In 1875, Peter Merz, a Chicago pharmacist, opened Merz Apothecary on the city's North Side. In a way, it was not much different than the other corner drugstores which existed in every American neighborhood and town at the time. It was a place to fill prescriptions and, more importantly, it was a source of information and remedies for common ailments. The pharmacists were consulted like family doctors and they would hand mix formulas for each customer's specific conditions and problems.
However, there was a major difference between Merz Apothecary and a typical drugstore. The clientele at his shop consisted mainly of European immigrants from the surrounding neighborhood. For that reason, and because Merz was of Swiss descent, he decided to call the store an "Apothecary" in the European tradition. Like his overseas counterparts, he focused heavily on herbal medicines and traditional formulas, which were already popular and familiar to his international customers.
Although Merz Apothecary was a humble store, it served as a gathering place for the community. Comfortable leather chairs allowed patrons to sit and chat as they waited for their prescriptions to be filled or their remedies to be prepared. Merz and his pharmacists spoke many languages allowing customers to shop and seek advice in their native tongues. It wasn't long before the store's reputation spread.
Over the next 85 years the business continued to grow and the store was passed on; first, to Merz's son, Lee, and later to Lee's sons, Ralph, Melvin, and Earl. The store retained its international focus and developed a loyal following among Europeans throughout the Midwest.
In the early 1960s, corner drugstores throughout the United States began to die off. Low margins on prescriptions and competition from large chain drugstores drove independent pharmacies out of business. The American pharmacist was quickly reduced from a trusted source of health advice to a mere pill-counter. But such was not the case at Merz Apothecary. Its loyal customer base and traditional herbal approach to health allowed it to thrive during this difficult period. As the majority of the country sought salvation through prescription drugs, Merz Apothecary maintained its unique balance between modern (allopathic) medicine and traditional remedies. Its customers continued to seek out the advice of its experienced pharmacists and requested their hand-mixed formulas from the vintage Apothecary bottles which lined the shelves.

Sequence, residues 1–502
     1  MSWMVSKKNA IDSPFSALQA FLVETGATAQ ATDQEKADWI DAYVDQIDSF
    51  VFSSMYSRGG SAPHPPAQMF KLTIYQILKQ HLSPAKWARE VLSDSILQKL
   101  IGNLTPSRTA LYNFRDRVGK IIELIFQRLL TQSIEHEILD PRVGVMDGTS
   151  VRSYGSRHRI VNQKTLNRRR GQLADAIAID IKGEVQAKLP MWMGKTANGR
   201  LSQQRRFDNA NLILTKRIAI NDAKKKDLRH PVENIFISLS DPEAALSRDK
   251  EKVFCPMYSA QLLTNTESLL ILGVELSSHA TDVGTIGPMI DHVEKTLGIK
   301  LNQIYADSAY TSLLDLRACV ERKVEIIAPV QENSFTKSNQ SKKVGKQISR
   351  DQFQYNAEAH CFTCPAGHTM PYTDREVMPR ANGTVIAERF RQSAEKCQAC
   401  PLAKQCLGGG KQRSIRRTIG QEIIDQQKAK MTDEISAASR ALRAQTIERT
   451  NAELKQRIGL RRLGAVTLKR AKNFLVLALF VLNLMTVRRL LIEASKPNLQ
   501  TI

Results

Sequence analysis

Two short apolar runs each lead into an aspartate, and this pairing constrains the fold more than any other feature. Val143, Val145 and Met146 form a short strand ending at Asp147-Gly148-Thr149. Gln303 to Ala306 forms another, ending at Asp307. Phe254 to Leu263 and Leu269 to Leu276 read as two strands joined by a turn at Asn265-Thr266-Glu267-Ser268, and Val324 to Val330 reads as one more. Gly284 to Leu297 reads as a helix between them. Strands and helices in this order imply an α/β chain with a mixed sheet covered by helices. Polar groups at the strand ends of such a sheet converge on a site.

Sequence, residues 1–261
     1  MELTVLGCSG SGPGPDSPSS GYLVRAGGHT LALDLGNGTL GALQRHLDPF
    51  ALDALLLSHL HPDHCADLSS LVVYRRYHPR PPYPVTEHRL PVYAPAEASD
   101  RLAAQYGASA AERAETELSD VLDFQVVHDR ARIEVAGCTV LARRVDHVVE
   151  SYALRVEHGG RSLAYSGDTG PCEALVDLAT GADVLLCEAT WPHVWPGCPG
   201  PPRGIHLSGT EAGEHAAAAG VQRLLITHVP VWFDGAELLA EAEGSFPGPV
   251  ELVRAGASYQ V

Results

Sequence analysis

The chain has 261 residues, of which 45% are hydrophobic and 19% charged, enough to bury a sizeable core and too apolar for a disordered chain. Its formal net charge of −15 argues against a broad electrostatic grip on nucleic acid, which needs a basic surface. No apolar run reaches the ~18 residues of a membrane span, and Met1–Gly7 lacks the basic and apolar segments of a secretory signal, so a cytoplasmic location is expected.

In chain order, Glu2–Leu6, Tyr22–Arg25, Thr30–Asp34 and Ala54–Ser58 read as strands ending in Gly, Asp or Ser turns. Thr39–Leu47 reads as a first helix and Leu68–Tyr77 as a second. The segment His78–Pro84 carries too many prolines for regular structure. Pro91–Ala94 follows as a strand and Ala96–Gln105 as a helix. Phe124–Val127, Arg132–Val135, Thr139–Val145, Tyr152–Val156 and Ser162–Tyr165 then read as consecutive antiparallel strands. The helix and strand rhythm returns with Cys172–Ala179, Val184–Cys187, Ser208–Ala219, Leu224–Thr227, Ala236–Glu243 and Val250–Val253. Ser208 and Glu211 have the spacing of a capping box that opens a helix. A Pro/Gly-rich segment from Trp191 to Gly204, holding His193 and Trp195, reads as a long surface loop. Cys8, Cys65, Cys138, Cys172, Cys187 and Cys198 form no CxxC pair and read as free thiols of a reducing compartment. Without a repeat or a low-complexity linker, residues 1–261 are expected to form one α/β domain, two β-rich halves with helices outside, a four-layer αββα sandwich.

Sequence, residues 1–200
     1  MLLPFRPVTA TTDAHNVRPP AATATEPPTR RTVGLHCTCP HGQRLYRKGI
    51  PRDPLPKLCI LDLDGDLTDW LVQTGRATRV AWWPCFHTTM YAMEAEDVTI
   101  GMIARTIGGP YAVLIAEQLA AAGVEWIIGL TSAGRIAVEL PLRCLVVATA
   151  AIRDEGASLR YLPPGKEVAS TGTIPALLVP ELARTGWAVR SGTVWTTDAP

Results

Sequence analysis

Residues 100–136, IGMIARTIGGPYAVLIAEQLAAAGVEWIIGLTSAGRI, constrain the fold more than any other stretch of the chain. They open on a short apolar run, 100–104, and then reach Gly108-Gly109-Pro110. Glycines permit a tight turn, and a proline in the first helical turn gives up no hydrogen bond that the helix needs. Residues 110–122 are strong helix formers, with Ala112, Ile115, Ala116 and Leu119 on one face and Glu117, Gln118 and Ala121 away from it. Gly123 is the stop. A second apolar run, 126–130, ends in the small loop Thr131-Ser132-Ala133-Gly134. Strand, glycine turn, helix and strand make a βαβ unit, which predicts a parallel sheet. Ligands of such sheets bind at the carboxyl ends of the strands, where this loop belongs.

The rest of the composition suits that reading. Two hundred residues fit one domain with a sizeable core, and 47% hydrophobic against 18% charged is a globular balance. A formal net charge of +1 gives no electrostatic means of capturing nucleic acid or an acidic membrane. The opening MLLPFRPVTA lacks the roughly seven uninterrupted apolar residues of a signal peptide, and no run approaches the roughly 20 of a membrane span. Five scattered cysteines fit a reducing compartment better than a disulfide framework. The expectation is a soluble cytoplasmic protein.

Despite the success of the business, in 1972 Ralph Merz was ready to retire without a successor. The store, which had been in the family for three generations, was about to close permanently. One month before the scheduled closing, a 26-year-old Indian-born pharmacist named Abdul Qaiyum walked into Merz Apothecary after hearing about it from his German in-laws. He immediately fell in love with the store. As a recent pharmacy school graduate, Qaiyum had quickly become disenchanted with his job at a large drugstore chain and was ready to leave the field altogether. But Merz Apothecary, with its focus on traditional natural remedies, reminded him of his family's business and the healing traditions in his homeland. He purchased it a few days later.
Over the next few years the extinction of the independent pharmacy continued, yet Qaiyum managed to expand Merz Apothecary's business dramatically, developing a significant mail order business across the country. He also noticed that more and more American customers were seeking out the store because they needed a quality source of natural products and information. So in 1982, he moved Merz Apothecary to its current, larger location, only a few miles from the original one. The new store was custom-built to replicate a turn-of-the-century European Apothecary, complete with a hand-carved wooden exterior, leaded glass windows, parquet floors, tin ceilings, and solid oak cabinets. The store's original antique pharmacy jars and herb containers (which were still in use) now had a fitting home.